There will no doubt be plenty of history-making wins at the 2017 Oscars — be it the potential for La La Land to sweep after making history with its 14 nominations or Viola Davis becoming the most nominated black actress in Oscars history. The one bit of nomination history I'm most interested in is Dev Patel's nomination for Lion. You see, Patel is the third Indian actor to have an Oscar nomination in the 87-year history of the award ceremony. This makes his nomination a time for personal pride, as well as a watershed moment for Asian actors and Asian representation in film.
But first, let's focus on Patel. Patel joins actors Ben Kingsley and Merle Oberon in the trio of actors of Indian descent that, to date, have earned Oscar nominations. Patel's reaction to his nomination was beautiful and heartfelt — not a surprise from one of the warmest, most down-to-earth actors working today. PopSugar reported on Patel's Oscars reaction, and it's this portion that perhaps stands out the most:
"What makes this moment so much more poignant is that I'm in India right now. This enthralling country holds such a deep place in my heart, and it is where Saroo's journey was born. 'Lion' reaffirms the message that love is not dictated by the color of your skin, not by race, gender, sexuality, social status, or origin. It is a message I am proud to be spreading during these uncertain times. This will forever be one of the most memorable experiences of my life."
Patel's focus on the universality of love is an important reminder of what we, the people, need to hold onto in these uncertain times. His statement acknowledges the monumentality of his nomination in the context of the intersection between race and film and in his own personal context. A nomination for Patel is important because it is recognition that stories centered on Asian lives are attention-worthy.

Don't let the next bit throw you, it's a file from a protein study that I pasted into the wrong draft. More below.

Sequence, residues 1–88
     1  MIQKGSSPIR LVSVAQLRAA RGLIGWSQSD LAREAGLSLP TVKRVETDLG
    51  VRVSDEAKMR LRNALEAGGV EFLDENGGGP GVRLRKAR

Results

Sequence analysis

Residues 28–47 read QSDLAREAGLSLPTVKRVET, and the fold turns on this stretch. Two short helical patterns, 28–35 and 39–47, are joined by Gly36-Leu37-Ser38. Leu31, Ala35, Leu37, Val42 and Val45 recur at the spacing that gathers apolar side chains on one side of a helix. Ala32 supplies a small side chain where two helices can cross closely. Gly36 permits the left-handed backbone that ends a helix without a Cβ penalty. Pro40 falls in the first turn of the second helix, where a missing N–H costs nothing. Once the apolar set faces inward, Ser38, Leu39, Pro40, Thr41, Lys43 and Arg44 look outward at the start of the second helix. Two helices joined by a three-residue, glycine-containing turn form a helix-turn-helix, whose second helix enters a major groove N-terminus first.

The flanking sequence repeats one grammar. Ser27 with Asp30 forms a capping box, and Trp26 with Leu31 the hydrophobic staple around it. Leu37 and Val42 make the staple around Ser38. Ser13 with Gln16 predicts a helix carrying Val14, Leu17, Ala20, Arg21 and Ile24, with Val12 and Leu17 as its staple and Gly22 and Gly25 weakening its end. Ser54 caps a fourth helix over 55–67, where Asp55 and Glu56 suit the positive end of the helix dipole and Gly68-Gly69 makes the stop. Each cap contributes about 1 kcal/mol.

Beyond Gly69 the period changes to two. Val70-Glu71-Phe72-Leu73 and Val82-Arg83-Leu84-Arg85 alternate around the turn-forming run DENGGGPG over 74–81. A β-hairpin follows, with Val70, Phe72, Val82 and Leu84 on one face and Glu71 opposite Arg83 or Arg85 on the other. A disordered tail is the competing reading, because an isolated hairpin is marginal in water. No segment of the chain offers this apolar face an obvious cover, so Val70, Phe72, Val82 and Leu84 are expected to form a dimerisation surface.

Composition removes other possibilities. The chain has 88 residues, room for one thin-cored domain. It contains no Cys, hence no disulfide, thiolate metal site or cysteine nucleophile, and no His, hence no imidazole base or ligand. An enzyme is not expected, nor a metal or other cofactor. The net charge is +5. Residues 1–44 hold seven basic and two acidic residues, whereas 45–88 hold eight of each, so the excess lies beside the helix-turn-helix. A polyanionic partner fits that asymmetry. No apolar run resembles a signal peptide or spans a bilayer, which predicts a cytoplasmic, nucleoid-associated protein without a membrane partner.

Patel broke out from his small U.K. following into the American mainstream with Slumdog Millionaire, and American audiences took notice. We've embraced him and his talents. The depths of that talent and passion for truthful representations of Indian people and their lives continued in the pair of Exotic Marigold films. Now, Lion sees Patel going back to his Indian roots and telling yet another honest, brilliant story. I am not surprised he was nominated, but I am further hopeful his momentum continues because of his work and the history he is making.
His nomination is not only well-deserved, but it shines a spotlight on an aspect of film representation that tends to get pushed to the side in conversations on diversity in film: Asian representation in American film (and while we're at it, television too). We currently only have one television show that focuses squarely and for the most part positively on Asian-American life: ABC's Fresh Off the Boat. Yet at the same time, in 2017, we are still discussing the deeply negative effects of whitewashing Asian characters in film. Doctor Strange and the upcoming Ghost in the Shell were just recent examples of this, but whitewashing Asian characters and the use of yellowface are deeply entwined with the history of film.
When we talk about representation and diversity in film, our conversation tends to focus on black representation. This is accurate, correct and fair, and I am in full support of this crucial line of conversation. However, there is a need to bring other communities of color into the conversation. The focus on these unseen communities comes in fits and starts, but perpetual focus could effectively change the game. Diego Luna's recent public affection for a Rogue One fans' reactions to Mexican representation on film is a positive example of how we need to support and elevate all communities of color to a more positive and accurate strata of film and television. It's possible to give actors of color a platform in ways that accurately represent them and make for great film and television.
Patel's nomination is historic, moving the conversation in a progressive direction. Not only do I wish him the best of luck this Oscar season (I hope you do too), but I hope that this is just another in a long and forthcoming line of successes for Asian representation in film and television.
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